In an opinion 1 issued January 8, 2018, the United States Court of Appeals for the 9th Circuit found that the Federal Energy Regulatory Commission (FERC) had acted arbitrarily and capriciously when it determined that Pacific Gas & Electric Company (PG&E) was eligible for an incentive adder to its transmission return on equity (ROE) for remaining a member of the California Independent System Operator (CAISO). The court reasoned that FERC had misinterpreted its own landmark orders—Orders No. 679 and 679-A2 —which provide that FERC will award incentive adders on a “case-by-case basis”3 on the presumption that membership in an independent system operator or regional transmission organization (each a “transmission organization”), such as CAISO, is voluntary.4 The California Public Utilities Commission (CPUC) challenged FERC’s decision to grant PG&E an incentive ROE adder on the grounds that PG&E’s membership in CAISO was not, in fact, voluntary, and that PG&E required authorization from CPUC to withdraw from CAISO.
One of the big Federal Energy Regulatory Commission (FERC) Enforcement litigation developments of the past two years has been the federal judiciary’s rejection of the agency’s “de novo review” position in electricity market manipulation cases. Briefly stated, FERC has argued that the Federal Power Act (FPA) should be interpreted to allow federal courts to adjudicate an enforcement action by reviewing FERC’s Order Assessing Penalties and underlying record, allowing supplementation of that record through additional discovery only as the court found necessary or useful. Courts, however, have held that there is no such FPA-mandated review action of that nature, but rather only a civil action that proceeds under the Federal Rules of Civil Procedure—including, most importantly, the civil discovery rules.1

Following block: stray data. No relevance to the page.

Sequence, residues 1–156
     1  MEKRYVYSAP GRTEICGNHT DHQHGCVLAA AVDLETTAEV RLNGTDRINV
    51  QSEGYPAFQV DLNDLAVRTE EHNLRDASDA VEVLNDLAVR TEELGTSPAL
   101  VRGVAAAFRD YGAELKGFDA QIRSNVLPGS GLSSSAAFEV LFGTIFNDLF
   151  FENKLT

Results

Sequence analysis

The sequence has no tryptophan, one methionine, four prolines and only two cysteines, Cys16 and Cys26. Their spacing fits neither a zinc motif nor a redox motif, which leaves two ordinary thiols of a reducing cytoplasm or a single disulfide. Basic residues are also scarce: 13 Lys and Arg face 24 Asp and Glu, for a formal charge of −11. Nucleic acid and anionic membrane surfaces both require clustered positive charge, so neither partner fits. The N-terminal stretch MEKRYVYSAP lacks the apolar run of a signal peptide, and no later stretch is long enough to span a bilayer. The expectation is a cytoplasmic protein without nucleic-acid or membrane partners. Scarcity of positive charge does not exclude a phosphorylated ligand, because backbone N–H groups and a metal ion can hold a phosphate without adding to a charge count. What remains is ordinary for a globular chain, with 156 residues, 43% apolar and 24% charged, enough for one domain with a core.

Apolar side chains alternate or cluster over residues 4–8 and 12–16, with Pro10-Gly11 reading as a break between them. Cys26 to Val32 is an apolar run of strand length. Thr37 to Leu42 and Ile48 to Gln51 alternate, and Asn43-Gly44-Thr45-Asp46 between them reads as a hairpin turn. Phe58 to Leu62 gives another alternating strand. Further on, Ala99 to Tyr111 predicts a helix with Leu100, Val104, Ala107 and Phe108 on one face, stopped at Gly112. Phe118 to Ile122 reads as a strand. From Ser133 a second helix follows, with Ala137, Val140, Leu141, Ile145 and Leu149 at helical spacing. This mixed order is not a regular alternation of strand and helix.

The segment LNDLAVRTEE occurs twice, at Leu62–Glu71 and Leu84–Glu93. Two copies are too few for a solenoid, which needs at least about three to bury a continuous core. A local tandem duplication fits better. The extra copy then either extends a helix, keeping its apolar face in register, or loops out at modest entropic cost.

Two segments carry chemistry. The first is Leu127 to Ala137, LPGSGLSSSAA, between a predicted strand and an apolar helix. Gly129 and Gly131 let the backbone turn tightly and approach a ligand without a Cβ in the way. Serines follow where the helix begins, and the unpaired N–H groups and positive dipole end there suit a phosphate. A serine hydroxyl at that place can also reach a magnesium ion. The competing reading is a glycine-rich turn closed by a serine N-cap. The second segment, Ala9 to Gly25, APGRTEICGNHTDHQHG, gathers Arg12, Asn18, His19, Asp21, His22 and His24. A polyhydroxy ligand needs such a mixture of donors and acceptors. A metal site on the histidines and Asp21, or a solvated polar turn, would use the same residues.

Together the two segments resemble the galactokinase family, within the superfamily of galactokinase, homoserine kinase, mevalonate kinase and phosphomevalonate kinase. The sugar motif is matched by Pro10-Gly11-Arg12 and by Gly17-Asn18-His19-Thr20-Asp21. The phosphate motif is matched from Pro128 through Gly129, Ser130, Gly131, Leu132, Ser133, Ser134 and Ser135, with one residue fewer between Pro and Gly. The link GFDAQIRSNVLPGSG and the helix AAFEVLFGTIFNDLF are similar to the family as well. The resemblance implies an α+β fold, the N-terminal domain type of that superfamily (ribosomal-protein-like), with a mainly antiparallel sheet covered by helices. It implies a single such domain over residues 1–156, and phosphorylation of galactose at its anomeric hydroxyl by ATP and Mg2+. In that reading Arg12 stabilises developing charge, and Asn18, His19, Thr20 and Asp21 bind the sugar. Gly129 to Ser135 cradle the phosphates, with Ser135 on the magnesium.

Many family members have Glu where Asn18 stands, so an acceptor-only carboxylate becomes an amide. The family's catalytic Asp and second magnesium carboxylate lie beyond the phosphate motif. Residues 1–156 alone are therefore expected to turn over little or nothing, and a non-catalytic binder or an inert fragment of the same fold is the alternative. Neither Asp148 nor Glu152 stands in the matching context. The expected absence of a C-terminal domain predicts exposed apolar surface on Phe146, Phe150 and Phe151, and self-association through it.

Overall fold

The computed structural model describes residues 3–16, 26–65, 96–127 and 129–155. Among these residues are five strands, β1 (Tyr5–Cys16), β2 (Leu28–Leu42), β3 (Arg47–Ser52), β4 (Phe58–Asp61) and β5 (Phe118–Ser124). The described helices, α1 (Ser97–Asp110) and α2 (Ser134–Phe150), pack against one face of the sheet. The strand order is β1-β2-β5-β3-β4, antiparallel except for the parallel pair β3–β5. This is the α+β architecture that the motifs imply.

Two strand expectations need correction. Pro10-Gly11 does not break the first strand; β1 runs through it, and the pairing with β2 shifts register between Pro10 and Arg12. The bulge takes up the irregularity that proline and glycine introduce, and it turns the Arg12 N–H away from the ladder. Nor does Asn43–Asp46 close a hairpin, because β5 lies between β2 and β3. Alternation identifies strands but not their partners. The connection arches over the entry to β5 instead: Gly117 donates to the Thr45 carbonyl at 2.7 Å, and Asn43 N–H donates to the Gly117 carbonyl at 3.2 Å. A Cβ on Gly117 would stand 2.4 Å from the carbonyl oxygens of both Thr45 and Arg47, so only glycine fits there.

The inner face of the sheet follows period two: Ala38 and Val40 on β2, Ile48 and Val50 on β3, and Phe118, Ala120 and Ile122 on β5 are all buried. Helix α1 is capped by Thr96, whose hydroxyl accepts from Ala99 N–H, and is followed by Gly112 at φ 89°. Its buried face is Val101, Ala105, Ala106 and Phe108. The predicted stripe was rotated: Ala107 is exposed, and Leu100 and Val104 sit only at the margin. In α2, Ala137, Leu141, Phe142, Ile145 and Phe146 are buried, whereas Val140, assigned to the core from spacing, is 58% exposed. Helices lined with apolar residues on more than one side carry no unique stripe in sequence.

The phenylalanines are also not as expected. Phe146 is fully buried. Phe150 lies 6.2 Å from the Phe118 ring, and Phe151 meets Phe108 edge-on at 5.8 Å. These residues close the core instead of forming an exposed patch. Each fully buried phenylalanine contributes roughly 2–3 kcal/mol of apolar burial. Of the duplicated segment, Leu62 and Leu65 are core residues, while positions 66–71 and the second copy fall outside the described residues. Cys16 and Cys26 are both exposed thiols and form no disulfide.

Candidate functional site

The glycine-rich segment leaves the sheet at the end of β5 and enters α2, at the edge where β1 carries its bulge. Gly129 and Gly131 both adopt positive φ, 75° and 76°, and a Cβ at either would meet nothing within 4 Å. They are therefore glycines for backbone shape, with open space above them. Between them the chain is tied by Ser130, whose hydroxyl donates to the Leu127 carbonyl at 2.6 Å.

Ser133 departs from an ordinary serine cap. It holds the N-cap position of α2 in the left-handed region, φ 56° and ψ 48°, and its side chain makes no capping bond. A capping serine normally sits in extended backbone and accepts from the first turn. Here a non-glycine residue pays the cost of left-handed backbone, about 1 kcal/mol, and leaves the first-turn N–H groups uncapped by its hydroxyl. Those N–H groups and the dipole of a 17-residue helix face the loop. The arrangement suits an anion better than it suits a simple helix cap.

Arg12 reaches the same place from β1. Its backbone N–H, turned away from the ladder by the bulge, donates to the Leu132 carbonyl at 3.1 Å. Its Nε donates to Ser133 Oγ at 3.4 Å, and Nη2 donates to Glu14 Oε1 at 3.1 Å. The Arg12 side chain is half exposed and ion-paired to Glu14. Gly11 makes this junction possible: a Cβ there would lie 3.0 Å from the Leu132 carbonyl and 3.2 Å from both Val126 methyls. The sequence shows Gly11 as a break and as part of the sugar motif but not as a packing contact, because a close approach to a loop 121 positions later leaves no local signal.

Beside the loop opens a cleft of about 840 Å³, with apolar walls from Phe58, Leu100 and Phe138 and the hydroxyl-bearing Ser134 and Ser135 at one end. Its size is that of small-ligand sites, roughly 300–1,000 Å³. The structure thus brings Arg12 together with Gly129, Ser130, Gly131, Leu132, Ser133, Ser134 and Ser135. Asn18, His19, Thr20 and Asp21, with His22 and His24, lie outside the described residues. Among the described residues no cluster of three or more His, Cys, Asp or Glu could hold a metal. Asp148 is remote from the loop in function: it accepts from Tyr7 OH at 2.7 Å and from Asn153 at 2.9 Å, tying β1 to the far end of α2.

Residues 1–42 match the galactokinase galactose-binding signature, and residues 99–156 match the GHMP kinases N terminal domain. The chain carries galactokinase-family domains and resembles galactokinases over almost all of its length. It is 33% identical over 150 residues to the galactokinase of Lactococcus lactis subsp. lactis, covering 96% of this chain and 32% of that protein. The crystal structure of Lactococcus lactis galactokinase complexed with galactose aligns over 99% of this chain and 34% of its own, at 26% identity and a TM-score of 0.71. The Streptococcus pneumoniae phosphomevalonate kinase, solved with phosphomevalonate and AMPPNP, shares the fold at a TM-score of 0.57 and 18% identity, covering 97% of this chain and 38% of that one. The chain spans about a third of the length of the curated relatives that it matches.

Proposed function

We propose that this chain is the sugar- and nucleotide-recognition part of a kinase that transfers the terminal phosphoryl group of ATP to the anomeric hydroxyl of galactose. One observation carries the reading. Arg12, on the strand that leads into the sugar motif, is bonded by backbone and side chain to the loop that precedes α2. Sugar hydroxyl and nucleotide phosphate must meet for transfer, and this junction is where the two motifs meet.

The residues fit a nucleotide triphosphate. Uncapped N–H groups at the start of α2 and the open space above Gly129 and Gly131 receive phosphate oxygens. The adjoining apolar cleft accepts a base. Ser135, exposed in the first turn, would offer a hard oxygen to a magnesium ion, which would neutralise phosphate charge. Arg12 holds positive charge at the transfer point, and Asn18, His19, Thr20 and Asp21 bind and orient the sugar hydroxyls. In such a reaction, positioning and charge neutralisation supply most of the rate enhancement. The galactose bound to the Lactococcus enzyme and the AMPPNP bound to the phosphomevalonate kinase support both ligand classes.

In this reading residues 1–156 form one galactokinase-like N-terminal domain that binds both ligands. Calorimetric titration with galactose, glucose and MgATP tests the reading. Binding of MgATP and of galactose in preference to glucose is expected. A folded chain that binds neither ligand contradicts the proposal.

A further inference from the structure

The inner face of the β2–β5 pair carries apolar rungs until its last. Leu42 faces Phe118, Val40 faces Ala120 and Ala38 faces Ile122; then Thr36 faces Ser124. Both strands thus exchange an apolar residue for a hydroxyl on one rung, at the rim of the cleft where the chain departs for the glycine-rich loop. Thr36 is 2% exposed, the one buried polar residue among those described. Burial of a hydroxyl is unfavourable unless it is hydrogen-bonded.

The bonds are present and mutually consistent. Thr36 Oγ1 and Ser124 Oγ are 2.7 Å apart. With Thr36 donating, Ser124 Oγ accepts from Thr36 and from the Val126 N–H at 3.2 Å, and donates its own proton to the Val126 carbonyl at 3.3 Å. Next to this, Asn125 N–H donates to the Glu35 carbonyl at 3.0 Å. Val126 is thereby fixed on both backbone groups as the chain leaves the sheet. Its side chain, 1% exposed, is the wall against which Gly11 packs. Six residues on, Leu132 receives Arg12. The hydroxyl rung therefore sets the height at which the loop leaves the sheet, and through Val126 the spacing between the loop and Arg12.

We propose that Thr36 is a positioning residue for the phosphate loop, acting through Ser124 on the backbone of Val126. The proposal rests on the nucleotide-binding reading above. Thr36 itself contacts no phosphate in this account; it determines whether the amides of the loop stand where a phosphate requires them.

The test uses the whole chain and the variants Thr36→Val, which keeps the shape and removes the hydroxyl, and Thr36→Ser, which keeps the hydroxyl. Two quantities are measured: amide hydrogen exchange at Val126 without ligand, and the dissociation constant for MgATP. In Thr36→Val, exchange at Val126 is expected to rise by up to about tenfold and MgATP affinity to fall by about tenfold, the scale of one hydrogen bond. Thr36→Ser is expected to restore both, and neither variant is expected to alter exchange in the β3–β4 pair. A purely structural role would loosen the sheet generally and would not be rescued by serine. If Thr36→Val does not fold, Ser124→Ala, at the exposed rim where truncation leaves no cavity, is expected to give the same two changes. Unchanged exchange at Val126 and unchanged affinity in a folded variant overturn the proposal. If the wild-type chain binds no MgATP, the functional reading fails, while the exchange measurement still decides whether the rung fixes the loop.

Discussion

The Federal Energy Regulatory Commission’s (FERC) Office of Enforcement (Enforcement) recently released its annual Report on Enforcement for the 2017 fiscal year. The Report takes a similar approach to prior annual reports in how it describes Enforcement’s work and priorities, provides statistics on Enforcement activities, and includes examples of non-public Enforcement matters that were closed without action. The Report reflects a busy year in Enforcement, with staff having opened 27 new investigations, worked on over 50, and litigated several market manipulation cases in federal district courts. This year’s Report also provides increased transparency into Enforcement’s market surveillance and analytics program, through which Enforcement conducts market screens and surveillance inquiries into possible market manipulation in electricity and natural gas markets. Many FERC Commissioners have urged market participants to study the annual report for guidance on how the Commission approaches compliance and enforcement.
For a more detailed summary of the Report and key highlights, please see our client alert, available here.
On November 13, 2017, the U.S. Court of Appeals for the 1st Circuit held in Allco Renewable Energy Ltd. v. Mass. Elec. Co.1 that a Qualifying Facility (QF) does not have a private right of action against a utility company under the Public Utility Regulatory Policies Act of 1978 (PURPA). Although the court’s finding is no surprise, it helps clarify PURPA’s complex enforcement mechanism.